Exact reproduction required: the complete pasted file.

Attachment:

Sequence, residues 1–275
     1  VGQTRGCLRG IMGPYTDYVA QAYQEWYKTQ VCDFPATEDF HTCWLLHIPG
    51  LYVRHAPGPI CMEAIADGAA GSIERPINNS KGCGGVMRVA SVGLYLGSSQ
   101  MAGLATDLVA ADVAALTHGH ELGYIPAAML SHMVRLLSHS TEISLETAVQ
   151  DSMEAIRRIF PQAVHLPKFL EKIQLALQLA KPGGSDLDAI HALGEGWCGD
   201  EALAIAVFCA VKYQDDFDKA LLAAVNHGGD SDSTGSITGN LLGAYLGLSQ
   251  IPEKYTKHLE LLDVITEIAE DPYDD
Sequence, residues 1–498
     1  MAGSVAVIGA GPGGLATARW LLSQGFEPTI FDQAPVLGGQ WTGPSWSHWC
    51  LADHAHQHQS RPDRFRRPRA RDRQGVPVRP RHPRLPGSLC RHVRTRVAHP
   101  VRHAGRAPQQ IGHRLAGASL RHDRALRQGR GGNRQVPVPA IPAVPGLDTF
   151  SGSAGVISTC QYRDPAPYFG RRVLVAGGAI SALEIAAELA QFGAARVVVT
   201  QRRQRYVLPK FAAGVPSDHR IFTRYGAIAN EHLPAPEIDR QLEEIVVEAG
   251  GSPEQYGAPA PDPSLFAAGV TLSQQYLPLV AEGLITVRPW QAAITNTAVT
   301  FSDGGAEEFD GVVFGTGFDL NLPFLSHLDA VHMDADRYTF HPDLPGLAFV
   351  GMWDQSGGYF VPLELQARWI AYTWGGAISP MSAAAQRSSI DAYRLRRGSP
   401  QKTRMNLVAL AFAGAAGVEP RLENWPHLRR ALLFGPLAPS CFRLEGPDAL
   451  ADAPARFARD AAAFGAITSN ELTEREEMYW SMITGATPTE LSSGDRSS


Sequence, residues 1–275
     1  VGQTRGCLRG IMGPYTDYVA QAYQEWYKTQ VCDFPATEDF HTCWLLHIPG
    51  LYVRHAPGPI CMEAIADGAA GSIERPINNS KGCGGVMRVA SVGLYLGSSQ
   101  MAGLATDLVA ADVAALTHGH ELGYIPAAML SHMVRLLSHS TEISLETAVQ
   151  DSMEAIRRIF PQAVHLPKFL EKIQLALQLA KPGGSDLDAI HALGEGWCGD
   201  EALAIAVFCA VKYQDDFDKA LLAAVNHGGD SDSTGSITGN LLGAYLGLSQ
   251  IPEKYTKHLE LLDVITEIAE DPYDD
Sequence, residues 1–498
     1  MAGSVAVIGA GPGGLATARW LLSQGFEPTI FDQAPVLGGQ WTGPSWSHWC
    51  LADHAHQHQS RPDRFRRPRA RDRQGVPVRP RHPRLPGSLC RHVRTRVAHP
   101  VRHAGRAPQQ IGHRLAGASL RHDRALRQGR GGNRQVPVPA IPAVPGLDTF
   151  SGSAGVISTC QYRDPAPYFG RRVLVAGGAI SALEIAAELA QFGAARVVVT
   201  QRRQRYVLPK FAAGVPSDHR IFTRYGAIAN EHLPAPEIDR QLEEIVVEAG
   251  GSPEQYGAPA PDPSLFAAGV TLSQQYLPLV AEGLITVRPW QAAITNTAVT
   301  FSDGGAEEFD GVVFGTGFDL NLPFLSHLDA VHMDADRYTF HPDLPGLAFV
   351  GMWDQSGGYF VPLELQARWI AYTWGGAISP MSAAAQRSSI DAYRLRRGSP
   401  QKTRMNLVAL AFAGAAGVEP RLENWPHLRR ALLFGPLAPS CFRLEGPDAL
   451  ADAPARFARD AAAFGAITSN ELTEREEMYW SMITGATPTE LSSGDRSS